The Social Health and Family Affairs Committee of the Parliamentary Assembly,Council of Europe published an important report titled ‘ The Handling of the H1N1 Pandemic—More Transparency Needed’.This report said, “ The Parliament Assembly is alarmed about the way in which the H1N1 influenza pandemic has been handled, not only by the World Health Organization , but also by the competent health authorities at the level of the European Union and at the national level. It is particularly troubled by some of the consequences of decisions taken and advice given , leading to distortion of priorities of public health services across Europe, waste of large sums of public money and also unjustified scares and fears about health risks faced by the European public at large.”

Further this important note on lack of transparency regarding an infectious disease related crisis said, “ The Assembly notes that grave shortcomings have been identified regarding the transparency of decision making processes relating to the pandemic which have generated concerns about the possible influences of the pharmaceutical industry on some of the major decisions relating to the pandemic. The Assembly fears that that this lack of transparency and accountability will result in a plummet in confidence on the advice given by major health institutions. This may prove disastrous in the case of the next disease of pandemic scope which may turn out to be much more serious than the H1N1 Pandemic.”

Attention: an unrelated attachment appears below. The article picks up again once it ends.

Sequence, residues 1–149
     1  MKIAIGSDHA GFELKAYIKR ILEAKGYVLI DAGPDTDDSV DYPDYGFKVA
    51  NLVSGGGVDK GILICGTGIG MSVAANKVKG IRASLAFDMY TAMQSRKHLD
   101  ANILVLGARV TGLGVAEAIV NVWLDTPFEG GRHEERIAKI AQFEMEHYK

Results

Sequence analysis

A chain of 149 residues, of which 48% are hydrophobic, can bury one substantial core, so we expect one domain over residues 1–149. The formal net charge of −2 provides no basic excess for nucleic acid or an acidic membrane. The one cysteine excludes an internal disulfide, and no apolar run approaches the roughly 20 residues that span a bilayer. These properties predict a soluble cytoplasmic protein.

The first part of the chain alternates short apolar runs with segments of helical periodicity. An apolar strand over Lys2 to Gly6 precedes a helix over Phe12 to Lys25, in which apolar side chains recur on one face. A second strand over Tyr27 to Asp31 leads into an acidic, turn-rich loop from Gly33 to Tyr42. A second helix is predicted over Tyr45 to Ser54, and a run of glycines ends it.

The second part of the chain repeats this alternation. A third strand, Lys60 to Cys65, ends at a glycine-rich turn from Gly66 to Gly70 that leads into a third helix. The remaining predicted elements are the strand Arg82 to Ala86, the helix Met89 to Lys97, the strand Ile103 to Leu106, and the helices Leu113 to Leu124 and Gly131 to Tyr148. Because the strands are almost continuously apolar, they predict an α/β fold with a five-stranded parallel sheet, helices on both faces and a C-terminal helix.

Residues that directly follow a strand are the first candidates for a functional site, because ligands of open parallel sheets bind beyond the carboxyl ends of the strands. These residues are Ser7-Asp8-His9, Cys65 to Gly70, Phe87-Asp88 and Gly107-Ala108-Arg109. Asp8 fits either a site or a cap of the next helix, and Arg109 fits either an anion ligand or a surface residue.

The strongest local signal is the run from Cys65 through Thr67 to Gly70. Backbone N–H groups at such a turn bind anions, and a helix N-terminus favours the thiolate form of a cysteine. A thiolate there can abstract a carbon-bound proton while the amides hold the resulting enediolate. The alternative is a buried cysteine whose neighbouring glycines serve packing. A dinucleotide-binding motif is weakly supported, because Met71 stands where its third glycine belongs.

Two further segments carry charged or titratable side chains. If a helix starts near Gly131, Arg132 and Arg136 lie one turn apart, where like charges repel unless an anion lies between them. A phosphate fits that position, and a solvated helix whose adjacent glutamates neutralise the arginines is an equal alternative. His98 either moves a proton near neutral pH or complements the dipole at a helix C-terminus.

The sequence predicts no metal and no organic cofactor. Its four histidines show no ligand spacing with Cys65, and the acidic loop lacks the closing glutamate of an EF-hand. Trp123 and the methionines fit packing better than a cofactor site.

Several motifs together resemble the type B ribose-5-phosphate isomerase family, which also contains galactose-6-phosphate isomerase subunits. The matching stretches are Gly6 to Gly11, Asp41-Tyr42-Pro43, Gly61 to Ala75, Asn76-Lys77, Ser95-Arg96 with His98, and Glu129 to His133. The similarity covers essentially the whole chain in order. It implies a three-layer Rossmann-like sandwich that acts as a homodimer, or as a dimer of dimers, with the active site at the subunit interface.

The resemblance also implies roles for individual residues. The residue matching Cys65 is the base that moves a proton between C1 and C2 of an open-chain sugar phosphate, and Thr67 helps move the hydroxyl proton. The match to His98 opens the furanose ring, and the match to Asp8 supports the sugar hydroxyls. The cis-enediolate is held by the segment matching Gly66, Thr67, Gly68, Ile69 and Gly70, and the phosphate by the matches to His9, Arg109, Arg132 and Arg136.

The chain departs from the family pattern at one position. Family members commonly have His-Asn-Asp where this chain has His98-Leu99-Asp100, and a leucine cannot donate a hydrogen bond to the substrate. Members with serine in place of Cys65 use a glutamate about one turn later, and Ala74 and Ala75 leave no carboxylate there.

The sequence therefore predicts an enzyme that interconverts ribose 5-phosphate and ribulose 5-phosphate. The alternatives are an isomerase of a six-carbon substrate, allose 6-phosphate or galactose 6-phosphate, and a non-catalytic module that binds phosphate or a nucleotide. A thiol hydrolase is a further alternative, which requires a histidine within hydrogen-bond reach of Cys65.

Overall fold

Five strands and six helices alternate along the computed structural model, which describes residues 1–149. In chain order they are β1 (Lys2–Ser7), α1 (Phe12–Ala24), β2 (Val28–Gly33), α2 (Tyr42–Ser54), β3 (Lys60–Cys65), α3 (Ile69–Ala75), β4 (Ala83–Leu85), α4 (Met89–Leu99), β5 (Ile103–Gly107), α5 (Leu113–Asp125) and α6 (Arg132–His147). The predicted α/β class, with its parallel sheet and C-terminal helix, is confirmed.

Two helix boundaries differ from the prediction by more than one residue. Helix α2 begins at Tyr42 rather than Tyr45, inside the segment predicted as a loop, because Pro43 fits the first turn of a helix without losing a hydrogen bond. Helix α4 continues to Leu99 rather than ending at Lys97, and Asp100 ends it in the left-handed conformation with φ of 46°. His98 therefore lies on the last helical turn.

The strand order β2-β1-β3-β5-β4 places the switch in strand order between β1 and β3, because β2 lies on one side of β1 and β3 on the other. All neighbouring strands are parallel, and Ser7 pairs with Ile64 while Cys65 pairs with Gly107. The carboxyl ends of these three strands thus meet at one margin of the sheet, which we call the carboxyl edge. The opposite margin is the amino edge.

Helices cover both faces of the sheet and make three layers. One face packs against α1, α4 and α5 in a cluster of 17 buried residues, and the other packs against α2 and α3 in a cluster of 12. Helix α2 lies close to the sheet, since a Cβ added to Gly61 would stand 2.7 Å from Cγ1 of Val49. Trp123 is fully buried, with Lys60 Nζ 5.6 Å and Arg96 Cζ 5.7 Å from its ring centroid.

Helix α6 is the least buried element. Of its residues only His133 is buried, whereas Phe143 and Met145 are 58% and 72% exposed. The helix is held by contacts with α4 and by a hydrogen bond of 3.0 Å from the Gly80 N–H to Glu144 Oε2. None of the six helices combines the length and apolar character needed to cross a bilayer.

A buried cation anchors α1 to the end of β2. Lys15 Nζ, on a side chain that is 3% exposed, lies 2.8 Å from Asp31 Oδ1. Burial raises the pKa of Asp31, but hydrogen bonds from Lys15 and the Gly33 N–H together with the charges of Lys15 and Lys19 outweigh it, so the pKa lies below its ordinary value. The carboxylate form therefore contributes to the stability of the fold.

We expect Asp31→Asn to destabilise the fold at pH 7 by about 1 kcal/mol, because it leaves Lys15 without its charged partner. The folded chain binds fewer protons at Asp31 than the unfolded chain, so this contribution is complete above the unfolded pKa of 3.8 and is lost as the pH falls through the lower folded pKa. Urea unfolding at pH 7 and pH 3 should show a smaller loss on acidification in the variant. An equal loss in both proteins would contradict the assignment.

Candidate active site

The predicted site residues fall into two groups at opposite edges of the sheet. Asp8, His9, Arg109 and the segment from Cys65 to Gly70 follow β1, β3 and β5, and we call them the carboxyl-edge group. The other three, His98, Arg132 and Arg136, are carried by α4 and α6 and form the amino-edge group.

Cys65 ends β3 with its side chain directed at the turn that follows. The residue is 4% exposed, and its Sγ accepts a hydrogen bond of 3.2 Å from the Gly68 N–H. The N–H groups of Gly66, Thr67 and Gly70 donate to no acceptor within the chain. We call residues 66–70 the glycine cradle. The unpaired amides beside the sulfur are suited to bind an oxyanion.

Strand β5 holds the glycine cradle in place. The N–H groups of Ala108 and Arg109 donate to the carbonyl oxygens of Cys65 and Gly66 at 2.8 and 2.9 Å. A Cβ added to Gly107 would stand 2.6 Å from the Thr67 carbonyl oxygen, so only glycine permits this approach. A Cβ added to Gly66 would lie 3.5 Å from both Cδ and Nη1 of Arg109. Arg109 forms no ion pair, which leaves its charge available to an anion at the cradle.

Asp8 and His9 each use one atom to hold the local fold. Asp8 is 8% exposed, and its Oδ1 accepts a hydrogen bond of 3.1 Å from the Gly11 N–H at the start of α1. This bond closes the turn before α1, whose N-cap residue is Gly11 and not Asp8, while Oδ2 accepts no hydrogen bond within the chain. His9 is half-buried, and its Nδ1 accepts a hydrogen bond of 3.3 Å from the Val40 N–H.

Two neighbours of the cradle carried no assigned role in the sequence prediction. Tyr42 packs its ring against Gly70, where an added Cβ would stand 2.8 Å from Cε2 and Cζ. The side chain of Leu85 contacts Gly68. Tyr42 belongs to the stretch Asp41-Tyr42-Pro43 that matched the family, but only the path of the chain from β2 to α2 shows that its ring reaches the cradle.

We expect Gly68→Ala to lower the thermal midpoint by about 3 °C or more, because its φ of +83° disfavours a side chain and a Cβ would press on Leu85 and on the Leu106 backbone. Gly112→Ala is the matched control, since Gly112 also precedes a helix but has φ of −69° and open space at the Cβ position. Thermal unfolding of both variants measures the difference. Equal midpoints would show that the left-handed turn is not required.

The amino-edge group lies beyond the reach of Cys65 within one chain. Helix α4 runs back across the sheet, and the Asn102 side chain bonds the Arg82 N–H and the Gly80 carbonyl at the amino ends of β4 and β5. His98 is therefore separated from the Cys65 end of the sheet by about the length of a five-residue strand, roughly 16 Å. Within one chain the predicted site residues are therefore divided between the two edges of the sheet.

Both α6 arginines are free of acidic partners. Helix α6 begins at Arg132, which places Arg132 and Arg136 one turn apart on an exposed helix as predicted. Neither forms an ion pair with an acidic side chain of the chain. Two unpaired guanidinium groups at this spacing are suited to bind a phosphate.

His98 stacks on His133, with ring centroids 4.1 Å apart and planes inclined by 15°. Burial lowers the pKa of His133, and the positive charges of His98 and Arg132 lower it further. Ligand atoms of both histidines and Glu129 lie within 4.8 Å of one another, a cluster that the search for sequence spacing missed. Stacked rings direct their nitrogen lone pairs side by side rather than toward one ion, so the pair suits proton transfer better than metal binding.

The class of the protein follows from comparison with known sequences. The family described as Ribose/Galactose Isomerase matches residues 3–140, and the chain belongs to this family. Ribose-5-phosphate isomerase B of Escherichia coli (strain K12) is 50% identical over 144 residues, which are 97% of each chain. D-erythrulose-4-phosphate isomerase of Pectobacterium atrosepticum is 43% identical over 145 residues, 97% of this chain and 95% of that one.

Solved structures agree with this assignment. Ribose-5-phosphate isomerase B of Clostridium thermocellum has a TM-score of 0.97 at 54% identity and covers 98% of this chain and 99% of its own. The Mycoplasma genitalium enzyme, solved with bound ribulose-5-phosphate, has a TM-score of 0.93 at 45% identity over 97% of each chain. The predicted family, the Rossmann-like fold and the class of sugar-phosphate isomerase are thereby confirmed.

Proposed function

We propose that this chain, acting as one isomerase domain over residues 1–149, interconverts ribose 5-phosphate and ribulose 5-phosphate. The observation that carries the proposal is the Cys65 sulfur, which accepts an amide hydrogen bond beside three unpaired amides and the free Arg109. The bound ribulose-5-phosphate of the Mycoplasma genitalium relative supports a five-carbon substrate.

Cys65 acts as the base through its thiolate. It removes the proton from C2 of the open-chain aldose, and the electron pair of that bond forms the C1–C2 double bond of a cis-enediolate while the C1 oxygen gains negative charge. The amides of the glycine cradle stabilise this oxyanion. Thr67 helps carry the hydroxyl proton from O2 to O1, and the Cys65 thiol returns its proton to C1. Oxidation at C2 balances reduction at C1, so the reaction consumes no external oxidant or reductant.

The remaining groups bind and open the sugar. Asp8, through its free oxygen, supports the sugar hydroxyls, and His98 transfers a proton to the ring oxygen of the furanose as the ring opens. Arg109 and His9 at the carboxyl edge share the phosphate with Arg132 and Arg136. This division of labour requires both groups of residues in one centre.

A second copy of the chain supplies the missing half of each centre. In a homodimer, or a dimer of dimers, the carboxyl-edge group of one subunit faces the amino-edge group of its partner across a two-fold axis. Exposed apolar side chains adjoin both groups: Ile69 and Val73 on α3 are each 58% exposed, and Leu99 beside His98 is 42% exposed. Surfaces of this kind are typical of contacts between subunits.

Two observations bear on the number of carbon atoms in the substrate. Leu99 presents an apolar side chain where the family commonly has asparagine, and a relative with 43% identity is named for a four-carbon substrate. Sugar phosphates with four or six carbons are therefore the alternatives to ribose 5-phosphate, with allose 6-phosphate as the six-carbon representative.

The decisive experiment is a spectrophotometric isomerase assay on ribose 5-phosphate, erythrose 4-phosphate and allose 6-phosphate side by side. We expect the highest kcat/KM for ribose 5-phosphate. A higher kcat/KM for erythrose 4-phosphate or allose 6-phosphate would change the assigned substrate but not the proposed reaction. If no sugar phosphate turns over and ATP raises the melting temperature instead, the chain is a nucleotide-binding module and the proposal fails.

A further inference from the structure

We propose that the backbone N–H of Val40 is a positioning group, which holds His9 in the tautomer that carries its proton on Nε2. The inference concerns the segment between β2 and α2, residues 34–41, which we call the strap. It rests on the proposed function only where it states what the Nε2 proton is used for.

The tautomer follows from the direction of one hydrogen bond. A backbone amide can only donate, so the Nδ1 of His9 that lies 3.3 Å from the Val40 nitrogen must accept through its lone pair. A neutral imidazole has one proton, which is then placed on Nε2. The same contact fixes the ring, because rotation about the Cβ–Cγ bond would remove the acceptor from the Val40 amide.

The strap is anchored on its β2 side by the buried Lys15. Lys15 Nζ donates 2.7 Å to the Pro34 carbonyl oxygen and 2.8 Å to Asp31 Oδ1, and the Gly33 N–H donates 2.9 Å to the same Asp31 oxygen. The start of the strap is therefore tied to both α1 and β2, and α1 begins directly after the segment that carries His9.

The text of a resolution passed in this context in the Council of Europe Parliament said, “ In order to promote their patented drugs and vaccines against flu pharmaceutical companies influenced scientists and official agencies responsible for public health standards, to alarm governments worldwide and make them squander tight health resources for inefficient vaccine strategies and needlessly expose millions of healthy people to the risks of an unknown amount of side-effects of inefficiently tested vaccine.”